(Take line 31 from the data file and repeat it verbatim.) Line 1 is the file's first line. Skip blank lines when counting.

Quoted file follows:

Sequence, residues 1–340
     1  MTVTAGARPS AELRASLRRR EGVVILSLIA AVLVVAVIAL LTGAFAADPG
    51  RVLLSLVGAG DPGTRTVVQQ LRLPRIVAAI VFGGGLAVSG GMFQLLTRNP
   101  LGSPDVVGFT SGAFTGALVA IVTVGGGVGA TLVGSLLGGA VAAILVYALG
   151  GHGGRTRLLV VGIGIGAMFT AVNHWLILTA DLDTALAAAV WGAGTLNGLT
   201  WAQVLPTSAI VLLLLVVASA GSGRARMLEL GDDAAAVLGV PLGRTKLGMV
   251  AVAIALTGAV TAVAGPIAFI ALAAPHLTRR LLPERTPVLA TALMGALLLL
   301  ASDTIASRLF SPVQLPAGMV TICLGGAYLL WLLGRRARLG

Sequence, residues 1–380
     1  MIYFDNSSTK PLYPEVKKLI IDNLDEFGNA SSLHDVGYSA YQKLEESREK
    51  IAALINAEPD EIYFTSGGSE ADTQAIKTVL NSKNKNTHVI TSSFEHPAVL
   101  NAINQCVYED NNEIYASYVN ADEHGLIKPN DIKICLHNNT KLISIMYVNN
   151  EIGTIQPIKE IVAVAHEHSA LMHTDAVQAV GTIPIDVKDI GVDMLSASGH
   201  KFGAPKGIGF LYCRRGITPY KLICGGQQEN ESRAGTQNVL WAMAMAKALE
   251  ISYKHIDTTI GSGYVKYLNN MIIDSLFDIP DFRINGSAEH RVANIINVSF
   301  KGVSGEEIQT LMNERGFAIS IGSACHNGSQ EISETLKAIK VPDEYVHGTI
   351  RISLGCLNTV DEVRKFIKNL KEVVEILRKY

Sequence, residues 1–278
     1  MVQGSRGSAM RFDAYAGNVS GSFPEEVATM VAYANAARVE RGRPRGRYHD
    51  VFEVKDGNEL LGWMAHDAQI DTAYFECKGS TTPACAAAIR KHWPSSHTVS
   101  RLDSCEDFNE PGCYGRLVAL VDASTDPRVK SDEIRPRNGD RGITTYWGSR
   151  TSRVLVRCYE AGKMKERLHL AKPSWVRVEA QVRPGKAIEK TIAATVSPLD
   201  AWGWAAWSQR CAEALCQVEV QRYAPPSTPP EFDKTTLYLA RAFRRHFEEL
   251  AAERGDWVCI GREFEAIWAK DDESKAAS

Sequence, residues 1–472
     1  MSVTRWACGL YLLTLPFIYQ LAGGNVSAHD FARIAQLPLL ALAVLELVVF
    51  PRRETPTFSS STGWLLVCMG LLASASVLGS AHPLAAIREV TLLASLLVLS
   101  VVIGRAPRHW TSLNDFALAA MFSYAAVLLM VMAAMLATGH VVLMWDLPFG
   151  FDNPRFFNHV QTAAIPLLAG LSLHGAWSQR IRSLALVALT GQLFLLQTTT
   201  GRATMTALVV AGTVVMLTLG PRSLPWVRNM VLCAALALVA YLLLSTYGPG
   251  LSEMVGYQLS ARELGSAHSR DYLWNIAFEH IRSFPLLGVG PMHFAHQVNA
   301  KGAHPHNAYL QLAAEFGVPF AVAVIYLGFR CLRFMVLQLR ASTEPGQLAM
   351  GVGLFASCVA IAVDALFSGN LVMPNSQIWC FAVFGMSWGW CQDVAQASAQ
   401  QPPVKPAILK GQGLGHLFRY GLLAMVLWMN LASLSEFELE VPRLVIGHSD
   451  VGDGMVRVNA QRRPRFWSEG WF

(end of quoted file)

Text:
   251  LSEMVGYQLS ARELGSAHSR DYLWNIAFEH IRSFPLLGVG PMHFAHQVNA